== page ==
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Posted at 4:00 PM ET, 12/10/2010

End near? Comcast, NBC meet with FCC, Justice on proposed Internet video conditions

By Cecilia Kang

Comcast and NBC Universal executives met earlier this week with senior staff from both the Federal Communications Commission and Justice Department on proposed conditions on Internet video distribution, according to a filing.

The companies said it discussed potential conditions on their proposed merger "related to online video distribution, the provision of broadband Internet services, and Hulu."

Comcast spokeswoman Sena Fitzmaurice declined to comment on the filing.

It was not clear what details were discussed. But analysts have projected the companies will be required to promise that companies such as Apple TV and Amazon will get access to NBC shows and movies. They have also speculated that regulators will demand commitments to expand broadband access and not to raise stand-alone prices. Some public interest advocates have pushed for Comcast-NBC to divest its stake in the Hulu online video service, but analysts say that may face strong resistance from the companies. Sen. Herb Kohl (D-Wis.) urged regulators to require the divestiture of Hulu.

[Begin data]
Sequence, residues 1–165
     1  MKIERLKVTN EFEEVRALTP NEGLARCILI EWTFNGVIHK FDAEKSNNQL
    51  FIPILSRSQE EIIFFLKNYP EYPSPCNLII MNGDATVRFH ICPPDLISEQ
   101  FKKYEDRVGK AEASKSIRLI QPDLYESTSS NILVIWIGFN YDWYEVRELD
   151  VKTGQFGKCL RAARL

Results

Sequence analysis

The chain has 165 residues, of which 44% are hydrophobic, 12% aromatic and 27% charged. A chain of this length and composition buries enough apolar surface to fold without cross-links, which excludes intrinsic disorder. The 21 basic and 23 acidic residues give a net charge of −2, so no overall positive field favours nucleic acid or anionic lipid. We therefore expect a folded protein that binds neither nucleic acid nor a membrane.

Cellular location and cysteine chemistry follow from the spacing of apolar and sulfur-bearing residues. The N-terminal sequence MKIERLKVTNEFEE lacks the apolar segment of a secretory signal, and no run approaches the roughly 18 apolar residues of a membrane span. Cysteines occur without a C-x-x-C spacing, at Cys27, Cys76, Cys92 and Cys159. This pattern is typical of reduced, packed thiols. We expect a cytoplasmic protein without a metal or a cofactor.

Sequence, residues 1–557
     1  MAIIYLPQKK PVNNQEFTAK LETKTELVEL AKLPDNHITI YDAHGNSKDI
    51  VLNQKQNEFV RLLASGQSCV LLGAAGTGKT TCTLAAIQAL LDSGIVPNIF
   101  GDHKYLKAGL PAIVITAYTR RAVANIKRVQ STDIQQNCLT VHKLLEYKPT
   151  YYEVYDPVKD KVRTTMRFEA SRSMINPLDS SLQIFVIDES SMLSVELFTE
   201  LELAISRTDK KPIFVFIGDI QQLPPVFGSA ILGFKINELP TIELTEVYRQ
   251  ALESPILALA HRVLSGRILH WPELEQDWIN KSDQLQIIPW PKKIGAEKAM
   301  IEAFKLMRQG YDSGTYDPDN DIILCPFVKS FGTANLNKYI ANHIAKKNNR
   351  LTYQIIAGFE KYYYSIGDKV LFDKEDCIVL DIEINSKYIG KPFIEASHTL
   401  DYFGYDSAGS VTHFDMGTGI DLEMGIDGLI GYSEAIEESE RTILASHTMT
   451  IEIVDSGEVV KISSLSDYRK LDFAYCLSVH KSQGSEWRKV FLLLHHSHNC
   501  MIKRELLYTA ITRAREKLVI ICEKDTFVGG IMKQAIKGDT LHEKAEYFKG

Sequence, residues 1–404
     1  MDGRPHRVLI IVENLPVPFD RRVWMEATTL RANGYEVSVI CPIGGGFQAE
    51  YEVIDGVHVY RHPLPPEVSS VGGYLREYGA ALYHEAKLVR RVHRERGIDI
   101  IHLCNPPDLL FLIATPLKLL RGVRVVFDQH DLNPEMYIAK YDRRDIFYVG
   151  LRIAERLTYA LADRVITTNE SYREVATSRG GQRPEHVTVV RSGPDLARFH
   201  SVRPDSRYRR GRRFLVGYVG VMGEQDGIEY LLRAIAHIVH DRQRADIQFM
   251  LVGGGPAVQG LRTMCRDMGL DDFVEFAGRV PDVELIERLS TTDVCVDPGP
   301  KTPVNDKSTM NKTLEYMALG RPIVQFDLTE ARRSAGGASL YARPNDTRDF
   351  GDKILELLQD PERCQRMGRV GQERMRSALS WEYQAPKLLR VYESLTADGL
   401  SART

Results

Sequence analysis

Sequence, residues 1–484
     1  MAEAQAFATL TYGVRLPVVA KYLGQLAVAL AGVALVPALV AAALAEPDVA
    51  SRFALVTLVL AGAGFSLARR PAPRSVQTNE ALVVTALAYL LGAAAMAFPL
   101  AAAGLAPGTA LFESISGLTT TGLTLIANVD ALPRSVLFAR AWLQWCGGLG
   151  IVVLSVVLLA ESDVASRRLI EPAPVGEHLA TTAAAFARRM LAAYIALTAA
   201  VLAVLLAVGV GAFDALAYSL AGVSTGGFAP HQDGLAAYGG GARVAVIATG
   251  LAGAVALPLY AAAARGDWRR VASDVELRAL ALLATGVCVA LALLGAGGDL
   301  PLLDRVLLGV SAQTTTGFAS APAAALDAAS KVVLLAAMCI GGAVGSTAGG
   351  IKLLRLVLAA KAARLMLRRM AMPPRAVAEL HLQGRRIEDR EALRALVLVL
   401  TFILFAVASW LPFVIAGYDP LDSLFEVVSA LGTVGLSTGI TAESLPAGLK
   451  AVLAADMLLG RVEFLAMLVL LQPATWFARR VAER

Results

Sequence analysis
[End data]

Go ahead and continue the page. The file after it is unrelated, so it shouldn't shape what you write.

The firms said their meeting included Comcast executive vice president David Cohen and vice president of regulatory affairs Kathy Zachem; NBC general counsel Rick Cotton; FCC chairman Chief of Staff Eddie Lazarus and Senior Counsel Rick Kaplan; and Justice antitrust officials John Read and David Kully from the Litigation III Section; Joseph Matelis, counsel to the assistant attorney general; and Yvette Tarlov from the Telecommunications and Media Enforcement section.

A look at past filings show joint meetings with Justice and FCC officials are rare. That got some merger watchers speculating that Comcast and NBC may be near agreement with the federal regulators on conditions for the merger.

Related stories:

Planned Comcast merger ignited TV access battle

Dualing editorials on Comcast-NBC

By Cecilia Kang  | December 10, 2010; 4:00 PM ET
Categories:  Comcast, DOJ, FCC, Online Video  
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Comments

Even though the article cited in the link refers to DUAL editorials from the Times and the Post, those editorials, because they take opposing points of view, are DUELING, not DUALING.

Posted by: 54Stratocaster | December 13, 2010 7:17 PM | Report abuse

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